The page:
Have you ever had the feeling of joy when an awaited package arrives for you?
Can you find peace in a room of books, public or private?
Okay, so I'm talking about myself, though not only myself. About a decade ago I visited an acquaintance who graciously allowed me to visit for several hours in his home library. Some of the books were rare, they were organized, and the cases were of finely polished wood. Wow. Last week I joined a private online forum and swooned at photos of a few more acquaintances book collections, all nicely arranged in cases of finely polished wood.
As a youth I decried the commercialism of collecting, but now I'm not so sure. What I've learned with time --I am older than I used to be :) --- is that book collecting, for me, is calming. It's not just the excitement of getting a new book for the shelves, that's just the exciting part. The larger utility, if I'm not overstating, is that I look at books on shelves, mine or someone else's, with joy.
I won't go so far as to say that I advocate collecting ---I think that advocating should be reserved for things where the consequences are life and death: water shortages, starvation in the midst of plenty, and such. And I don't doubt that buying things can be done without heart, mindlessly, to numb some sort of emotional pain. And therefore be self-defeating, of sorts, even if it is not resulting in financial trouble.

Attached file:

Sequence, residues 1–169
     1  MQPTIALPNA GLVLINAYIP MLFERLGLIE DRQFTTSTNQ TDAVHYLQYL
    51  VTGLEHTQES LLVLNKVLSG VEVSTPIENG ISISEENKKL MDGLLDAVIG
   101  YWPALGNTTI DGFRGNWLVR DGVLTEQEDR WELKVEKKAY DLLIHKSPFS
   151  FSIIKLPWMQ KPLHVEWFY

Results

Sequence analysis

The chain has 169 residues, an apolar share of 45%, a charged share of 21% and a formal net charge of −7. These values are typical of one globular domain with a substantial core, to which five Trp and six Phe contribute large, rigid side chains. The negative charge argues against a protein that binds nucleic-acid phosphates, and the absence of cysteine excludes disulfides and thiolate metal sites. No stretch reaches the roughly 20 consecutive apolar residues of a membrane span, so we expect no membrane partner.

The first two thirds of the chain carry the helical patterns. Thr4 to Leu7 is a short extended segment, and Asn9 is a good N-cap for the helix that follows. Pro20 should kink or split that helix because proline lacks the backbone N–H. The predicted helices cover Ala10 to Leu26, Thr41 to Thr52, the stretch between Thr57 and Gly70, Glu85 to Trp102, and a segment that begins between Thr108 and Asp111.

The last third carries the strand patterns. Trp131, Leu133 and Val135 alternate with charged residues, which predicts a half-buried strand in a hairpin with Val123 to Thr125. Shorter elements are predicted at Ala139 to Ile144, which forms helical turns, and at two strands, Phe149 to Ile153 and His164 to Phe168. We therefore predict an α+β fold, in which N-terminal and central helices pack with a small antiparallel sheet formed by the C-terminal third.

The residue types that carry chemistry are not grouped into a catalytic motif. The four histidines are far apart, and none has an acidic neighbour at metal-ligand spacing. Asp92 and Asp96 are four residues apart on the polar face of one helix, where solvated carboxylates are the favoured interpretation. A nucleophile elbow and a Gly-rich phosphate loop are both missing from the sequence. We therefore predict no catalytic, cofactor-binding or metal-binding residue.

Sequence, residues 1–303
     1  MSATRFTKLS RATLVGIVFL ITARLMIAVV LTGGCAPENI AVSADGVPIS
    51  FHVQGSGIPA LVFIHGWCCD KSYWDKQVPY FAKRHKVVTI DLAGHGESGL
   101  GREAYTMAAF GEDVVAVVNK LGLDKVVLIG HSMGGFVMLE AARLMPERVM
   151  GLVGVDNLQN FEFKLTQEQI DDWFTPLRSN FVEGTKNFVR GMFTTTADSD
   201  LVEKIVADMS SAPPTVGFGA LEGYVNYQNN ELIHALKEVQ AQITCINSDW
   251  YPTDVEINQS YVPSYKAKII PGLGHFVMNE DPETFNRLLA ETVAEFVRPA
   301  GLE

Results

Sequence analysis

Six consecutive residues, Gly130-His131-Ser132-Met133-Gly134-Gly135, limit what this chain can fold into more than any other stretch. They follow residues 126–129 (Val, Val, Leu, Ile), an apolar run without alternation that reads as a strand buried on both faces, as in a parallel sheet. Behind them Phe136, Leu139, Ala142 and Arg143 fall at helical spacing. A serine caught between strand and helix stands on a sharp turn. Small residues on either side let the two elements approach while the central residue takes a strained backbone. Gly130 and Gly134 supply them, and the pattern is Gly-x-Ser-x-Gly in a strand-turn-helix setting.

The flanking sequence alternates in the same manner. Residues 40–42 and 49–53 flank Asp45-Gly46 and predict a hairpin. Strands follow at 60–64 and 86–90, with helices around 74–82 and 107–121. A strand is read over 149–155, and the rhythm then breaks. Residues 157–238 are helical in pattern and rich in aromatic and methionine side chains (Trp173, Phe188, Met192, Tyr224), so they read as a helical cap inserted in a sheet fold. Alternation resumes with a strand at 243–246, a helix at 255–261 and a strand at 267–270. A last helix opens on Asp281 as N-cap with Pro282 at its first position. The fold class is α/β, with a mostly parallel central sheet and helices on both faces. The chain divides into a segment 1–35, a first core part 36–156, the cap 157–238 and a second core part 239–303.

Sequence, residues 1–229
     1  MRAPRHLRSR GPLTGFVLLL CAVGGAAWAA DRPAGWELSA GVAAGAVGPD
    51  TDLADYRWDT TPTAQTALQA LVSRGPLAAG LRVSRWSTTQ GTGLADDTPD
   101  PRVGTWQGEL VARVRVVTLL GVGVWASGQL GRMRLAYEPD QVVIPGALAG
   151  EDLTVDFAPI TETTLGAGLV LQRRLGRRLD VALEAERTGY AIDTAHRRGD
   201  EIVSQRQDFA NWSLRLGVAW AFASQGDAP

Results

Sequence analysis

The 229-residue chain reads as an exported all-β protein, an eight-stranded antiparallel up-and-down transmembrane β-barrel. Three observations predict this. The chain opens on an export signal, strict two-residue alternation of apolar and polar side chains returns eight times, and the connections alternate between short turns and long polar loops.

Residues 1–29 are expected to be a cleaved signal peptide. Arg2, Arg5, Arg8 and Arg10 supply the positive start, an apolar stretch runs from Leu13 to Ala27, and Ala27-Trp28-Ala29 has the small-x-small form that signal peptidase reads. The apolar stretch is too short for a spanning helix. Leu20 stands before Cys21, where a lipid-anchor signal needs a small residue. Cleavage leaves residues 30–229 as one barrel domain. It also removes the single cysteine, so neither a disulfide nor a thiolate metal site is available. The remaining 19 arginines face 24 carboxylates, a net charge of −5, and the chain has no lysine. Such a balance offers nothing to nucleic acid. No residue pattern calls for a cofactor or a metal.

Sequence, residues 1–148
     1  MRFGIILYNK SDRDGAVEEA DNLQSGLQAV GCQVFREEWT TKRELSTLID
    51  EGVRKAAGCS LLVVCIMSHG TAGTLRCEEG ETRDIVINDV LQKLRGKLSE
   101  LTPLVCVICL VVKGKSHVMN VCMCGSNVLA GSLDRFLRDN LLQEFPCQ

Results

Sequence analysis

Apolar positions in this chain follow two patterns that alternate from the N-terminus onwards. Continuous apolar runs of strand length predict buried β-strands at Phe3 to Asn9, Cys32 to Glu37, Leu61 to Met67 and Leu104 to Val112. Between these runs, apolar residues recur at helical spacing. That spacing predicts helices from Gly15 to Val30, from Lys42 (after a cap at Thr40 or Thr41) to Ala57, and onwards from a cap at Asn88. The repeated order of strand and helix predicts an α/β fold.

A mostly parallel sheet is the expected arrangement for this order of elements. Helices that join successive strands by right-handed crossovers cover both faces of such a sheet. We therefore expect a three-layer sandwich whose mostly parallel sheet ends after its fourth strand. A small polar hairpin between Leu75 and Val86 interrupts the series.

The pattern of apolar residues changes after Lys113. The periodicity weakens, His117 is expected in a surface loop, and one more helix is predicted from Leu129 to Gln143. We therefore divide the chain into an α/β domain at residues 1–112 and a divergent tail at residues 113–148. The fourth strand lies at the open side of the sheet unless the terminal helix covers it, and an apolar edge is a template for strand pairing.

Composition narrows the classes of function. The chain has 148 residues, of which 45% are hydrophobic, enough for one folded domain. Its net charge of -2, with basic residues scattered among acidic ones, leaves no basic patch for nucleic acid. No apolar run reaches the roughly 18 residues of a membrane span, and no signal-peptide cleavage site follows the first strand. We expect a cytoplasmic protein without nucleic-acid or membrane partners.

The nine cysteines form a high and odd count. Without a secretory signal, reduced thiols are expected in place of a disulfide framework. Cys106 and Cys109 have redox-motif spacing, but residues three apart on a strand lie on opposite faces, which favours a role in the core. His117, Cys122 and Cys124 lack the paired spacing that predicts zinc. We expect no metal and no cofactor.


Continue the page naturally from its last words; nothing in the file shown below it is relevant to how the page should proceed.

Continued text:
But a wall full of books about a favorite subject can stir my heart, as it has for most of my life. Just because buying _can_ be self-destructive does not mean that it has to be.
And my preferred subject, mostly, is Houdini, his predecessors and successors. They were entertainers who brought joy to people, and they brought that joy by pretending ---pretending--- to defy science....
I could wax poetic, but the truth is that a bookcase full of biographies of these mostly forgotten, mostly itinerant entertainers reminds of the precious times that I have been given joy by the performance of the impossible: Ricky Jay's graceful cheating, Peter Samelson's magic as metaphor, Doug Henning's sense of fantasy, David Copperfield's magician-as-rock-star.
I'd type more, but I want to get back to reading a book I got in the mail today about the different meanings of the word "magic." And then, I'll carry it over to my bookcase and admire it next to all the others. There have been magic books for as long as there have been books, more than ten thousand of them, and what they mean has changed with the centuries. But that's a post for another day.